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"People's Republic" is a title used by some sovereign states with republican constitutions. The term was initially associated with populist movements in the 19th century such as the German Völkisch movement and the Narodniks in Russia. A number of the short-lived states created during World War I and its aftermath called themselves people's republics. Many of these were in the territory of the former Russian Empire which collapsed following the Russian Revolution of 1917. Additional people's republics were created following the Allied victory in World War II. The term has become associated with countries adhering to communism or socialism, although its use is not unique to such states. A number of republics with liberal democratic political systems, such as Bangladesh and Algeria, adopted the title after popular wars of independence given its rather generic nature.
Marxist–Leninist people's republics (people's democracy)
The first Marxist–Leninist people's republics that came into existence were those formed following the Russian Revolution. Ukraine was briefly declared a people's republic in 1917, and in 1920 the Khanate of Khiva and the Emirate of Bukhara, both territories of the former Russian Empire, were declared people's republics. In 1921 the Russian protectorate of Tuva became a people's republic, followed in 1924 by neighbouring Mongolia. Following World War II, developments in Marxist–Leninist theory led to the appearance of people's democracy, a concept which potentially allowed for a route to socialism via multi-class, multi-party democracy. Countries which had reached this intermediate stage were called people's republics. The European countries that became people's republics at this time were Albania, Bulgaria, Czechoslovakia, Hungary, Poland, Romania and Yugoslavia. In Asia, China became a people's republic following the Chinese Communist Revolution.
Many of these countries also called themselves socialist states in their constitutions. During the 1960s Romania and Yugoslavia ceased to use the term people's in their official name, replacing it with the term socialist as a mark of their ongoing political development. Czechoslovakia also added the term socialist into its name during this period; it had became a people's republic in 1948 but had not used that term in its official name. Albania used both terms in its official name from 1976 to 1991. However, none of these people's republics called themselves communist states because they regarded communism as a level of political development that they had not yet reached. The communist parties in these countries often governed in coalitions with other progressive parties. Nevertheless, these countries are often referred to as communist states in the West.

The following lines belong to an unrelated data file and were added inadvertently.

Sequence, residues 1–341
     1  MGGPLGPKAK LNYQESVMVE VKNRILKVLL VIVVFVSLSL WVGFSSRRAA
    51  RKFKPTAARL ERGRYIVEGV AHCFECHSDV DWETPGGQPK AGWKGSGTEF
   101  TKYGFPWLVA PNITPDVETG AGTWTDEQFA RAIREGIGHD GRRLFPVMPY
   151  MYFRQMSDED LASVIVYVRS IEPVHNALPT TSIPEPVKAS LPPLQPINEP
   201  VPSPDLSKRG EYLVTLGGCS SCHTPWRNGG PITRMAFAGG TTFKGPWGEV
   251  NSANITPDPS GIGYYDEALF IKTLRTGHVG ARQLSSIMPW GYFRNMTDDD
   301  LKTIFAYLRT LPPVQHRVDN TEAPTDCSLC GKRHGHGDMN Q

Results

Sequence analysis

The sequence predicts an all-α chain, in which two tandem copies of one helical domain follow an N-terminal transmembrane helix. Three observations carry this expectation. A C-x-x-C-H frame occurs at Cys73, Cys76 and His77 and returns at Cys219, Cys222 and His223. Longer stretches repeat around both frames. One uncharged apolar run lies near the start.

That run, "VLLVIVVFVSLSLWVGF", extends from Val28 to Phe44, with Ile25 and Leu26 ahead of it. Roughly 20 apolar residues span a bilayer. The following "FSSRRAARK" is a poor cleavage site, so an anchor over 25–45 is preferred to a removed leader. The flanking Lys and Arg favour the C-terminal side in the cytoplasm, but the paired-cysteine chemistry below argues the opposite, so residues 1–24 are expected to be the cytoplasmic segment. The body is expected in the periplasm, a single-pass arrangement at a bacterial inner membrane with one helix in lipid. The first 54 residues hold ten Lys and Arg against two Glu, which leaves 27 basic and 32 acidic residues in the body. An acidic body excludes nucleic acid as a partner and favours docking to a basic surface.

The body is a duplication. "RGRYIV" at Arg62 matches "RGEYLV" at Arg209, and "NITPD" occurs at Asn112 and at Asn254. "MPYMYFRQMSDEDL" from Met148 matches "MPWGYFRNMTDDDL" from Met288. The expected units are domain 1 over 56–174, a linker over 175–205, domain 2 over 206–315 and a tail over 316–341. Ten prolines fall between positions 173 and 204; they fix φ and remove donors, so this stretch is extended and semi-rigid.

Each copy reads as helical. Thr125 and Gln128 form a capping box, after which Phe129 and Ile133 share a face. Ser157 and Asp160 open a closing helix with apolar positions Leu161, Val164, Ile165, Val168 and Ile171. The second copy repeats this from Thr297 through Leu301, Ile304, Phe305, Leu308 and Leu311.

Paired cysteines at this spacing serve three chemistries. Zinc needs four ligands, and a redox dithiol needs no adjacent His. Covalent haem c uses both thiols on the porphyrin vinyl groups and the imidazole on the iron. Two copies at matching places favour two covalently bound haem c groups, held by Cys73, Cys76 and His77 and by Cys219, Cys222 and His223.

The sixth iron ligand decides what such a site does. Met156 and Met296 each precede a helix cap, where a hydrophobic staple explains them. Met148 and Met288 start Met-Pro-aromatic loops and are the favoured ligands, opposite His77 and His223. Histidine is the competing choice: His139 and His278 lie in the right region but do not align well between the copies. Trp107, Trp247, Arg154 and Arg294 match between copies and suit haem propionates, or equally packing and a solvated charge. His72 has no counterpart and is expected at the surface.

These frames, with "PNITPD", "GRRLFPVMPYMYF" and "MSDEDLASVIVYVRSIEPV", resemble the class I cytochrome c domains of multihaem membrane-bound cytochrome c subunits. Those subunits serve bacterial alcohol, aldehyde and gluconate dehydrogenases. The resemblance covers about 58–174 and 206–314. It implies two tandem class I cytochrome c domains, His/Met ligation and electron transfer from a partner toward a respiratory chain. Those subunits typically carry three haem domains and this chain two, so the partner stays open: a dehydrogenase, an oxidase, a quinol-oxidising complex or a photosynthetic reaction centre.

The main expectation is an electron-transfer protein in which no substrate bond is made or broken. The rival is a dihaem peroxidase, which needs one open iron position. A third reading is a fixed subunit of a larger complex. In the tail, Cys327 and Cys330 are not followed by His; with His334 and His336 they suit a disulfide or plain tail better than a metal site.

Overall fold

During the postcolonial period a number of former European colonies that had achieved independence and adopted Marxist-Leninist governments took the name people's republic. Angola, Benin, Congo-Brazzaville, Ethiopia, Cambodia, Laos, Mozambique and South Yemen followed this route. Following the Revolutions of 1989, the people's republics of Central and Eastern Europe (Albania, Bulgaria, Hungary and Poland) along with Mongolia dropped the term people's from their names as it was associated with their former communist governments. They became known simply as republics and adopted liberal democracy as their system of government. At around the same time most of the former European colonies that had taken the people's republic name began to replace it as part of their move away from Marxism-Leninism.